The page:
Fossil and non-fossil sources of organic carbon (OC) and elemental carbon (EC) in Göteborg, Sweden

Atmospheric Chemistry and Physics (Impact Factor: 4.88). 08/2008; 8:16255-16289. DOI: 10.5194/acpd-8-16255-2008
Source: DOAJ

ABSTRACT Particulate matter was collected at an urban site in Göteborg (Sweden) in February/March 2005 and in June/July 2006. Additional samples were collected at a rural site for the winter period. Total carbon (TC) concentrations were 2.1–3.6 μg m−3, 1.8–1.9 μg m−3, and 2.2–3.0 μg m−3 for urban/winter, rural/winter, and urban/summer conditions, respectively. Elemental carbon (EC), organic carbon (OC), water-insoluble OC (WINSOC), and water-soluble OC (WSOC) were analyzed for 14C in order to distinguish fossil from non-fossil emissions. As wood burning is the single major source of non-fossil EC, its contribution can be quantified directly. For non-fossil OC, the wood-burning fraction was determined independently by levoglucosan and 14C analysis and combined using Latin-hypercube sampling (LHS). For the winter period, the relative contribution of EC from wood burning to the total EC was >3 times higher at the rural site compared to the urban site, whereas the absolute concentrations of EC from wood burning were elevated only moderately at the rural compared to the urban site. Thus, the urban site is substantially more influenced by fossil EC emissions. For summer, biogenic emissions dominated OC concentrations most likely due to secondary organic aerosol (SOA) formation. During both seasons, a more pronounced fossil signal was observed for Göteborg than has previously been reported for Zurich, Switzerland. Analysis of air mass origin using back trajectories suggests that the fossil impact was larger when local sources dominated, whereas long-range transport caused an enhanced non-fossil signal. In comparison to other European locations, concentrations of levoglucosan and other monosaccharide anhydrides were low for the urban and the rural site in the area of Göteborg during winter.

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Available from: H.-A. Synal, Sep 28, 2015
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    • "Residential wood combustion or, more generally, biomass burning is a remarkable source of fine particulate matter (PM 2.5 , particles with aerodynamic diameter smaller than 2.5 µm) emissions throughout Europe (e.g. May et al. 2009, Niemi et al. 2009, Szidat et al. 2009, Krecl et al. 2010). "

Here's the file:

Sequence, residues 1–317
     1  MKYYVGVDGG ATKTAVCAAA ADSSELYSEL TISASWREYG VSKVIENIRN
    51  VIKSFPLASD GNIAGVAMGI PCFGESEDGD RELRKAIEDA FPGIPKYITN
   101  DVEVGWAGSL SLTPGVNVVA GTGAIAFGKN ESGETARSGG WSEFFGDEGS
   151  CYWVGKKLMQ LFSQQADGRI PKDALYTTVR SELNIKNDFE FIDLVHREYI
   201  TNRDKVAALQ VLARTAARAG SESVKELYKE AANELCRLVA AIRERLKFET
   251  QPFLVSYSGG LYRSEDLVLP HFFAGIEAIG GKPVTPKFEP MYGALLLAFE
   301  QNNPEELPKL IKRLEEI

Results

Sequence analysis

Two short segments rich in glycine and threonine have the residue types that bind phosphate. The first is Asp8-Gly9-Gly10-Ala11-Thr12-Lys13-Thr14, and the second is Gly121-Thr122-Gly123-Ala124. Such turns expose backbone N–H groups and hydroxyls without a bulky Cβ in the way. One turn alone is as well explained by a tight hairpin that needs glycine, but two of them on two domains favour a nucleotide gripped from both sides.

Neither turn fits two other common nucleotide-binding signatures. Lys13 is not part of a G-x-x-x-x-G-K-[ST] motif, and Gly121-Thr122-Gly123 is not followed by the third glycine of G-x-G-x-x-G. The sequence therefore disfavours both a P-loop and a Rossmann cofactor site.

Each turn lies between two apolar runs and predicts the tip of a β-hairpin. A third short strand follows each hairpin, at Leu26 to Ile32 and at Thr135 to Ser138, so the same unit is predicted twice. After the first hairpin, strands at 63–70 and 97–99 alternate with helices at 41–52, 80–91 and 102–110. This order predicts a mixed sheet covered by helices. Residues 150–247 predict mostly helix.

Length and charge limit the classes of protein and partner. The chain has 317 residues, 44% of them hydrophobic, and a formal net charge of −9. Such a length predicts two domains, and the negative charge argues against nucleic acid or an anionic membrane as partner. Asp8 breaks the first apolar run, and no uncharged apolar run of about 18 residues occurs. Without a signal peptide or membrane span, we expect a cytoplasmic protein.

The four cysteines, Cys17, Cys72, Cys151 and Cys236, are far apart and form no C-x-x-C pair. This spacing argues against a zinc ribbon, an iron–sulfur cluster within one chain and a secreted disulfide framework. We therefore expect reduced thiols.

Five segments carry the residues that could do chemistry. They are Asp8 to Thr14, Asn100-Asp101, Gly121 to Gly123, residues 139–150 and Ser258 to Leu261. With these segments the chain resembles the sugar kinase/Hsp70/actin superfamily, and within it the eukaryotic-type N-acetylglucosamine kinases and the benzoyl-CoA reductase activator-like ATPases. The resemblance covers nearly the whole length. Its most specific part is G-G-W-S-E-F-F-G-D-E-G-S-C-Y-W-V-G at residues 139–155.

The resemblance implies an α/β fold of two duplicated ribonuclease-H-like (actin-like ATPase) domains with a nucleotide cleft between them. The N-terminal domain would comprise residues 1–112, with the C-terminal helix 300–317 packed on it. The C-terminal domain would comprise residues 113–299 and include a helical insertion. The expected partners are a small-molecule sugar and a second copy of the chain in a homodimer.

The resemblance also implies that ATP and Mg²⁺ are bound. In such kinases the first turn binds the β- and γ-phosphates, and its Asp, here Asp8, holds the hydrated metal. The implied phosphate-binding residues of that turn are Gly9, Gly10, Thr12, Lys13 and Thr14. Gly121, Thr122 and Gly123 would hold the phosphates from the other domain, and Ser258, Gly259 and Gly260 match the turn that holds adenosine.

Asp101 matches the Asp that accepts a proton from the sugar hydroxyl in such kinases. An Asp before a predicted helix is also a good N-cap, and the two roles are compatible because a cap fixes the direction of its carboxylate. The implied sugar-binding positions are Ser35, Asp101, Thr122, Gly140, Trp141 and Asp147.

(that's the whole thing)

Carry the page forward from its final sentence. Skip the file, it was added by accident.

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    ABSTRACT: The spatiotemporal variation of ambient particles under the influence of biomass burning emissions was studied in the Helsinki Metropolitan Area (HMA) in selected periods during 2005–2009. Monosaccharide anhydrides (MAs; levoglucosan, mannosan and galactosan), commonly known biomass burning tracers, were used to estimate the wood combustion contribution to local particulate matter (PM) concentration levels at three urban background sites close to the city centre, and at three suburban sites influenced by local small-scale wood combustion. In the cold season (October–March), the mean MAs concentrations were 115–225 ng m–3 and 83–98 ng m–3 at the suburban and urban sites, respectively. In the warm season, the mean MAs concentrations were low (19–78 ng m–3), excluding open land fire smoke episodes (222–378 ng m–3). Regionally distributed wood combustion particles raised the levels over the whole HMA while particles from local wood combustion sources raised the level at suburban sites only. The estimated average contribution of wood combustion to fine particles (PM2.5) ranged from 18% to 29% at the urban sites and from 31% to 66% at the suburban sites in the cold season. The PM measurements from ambient air and combustion experiments showed that the proportions of the three MAs can be utilised to separate the wildfire particles from residential wood combustion particles.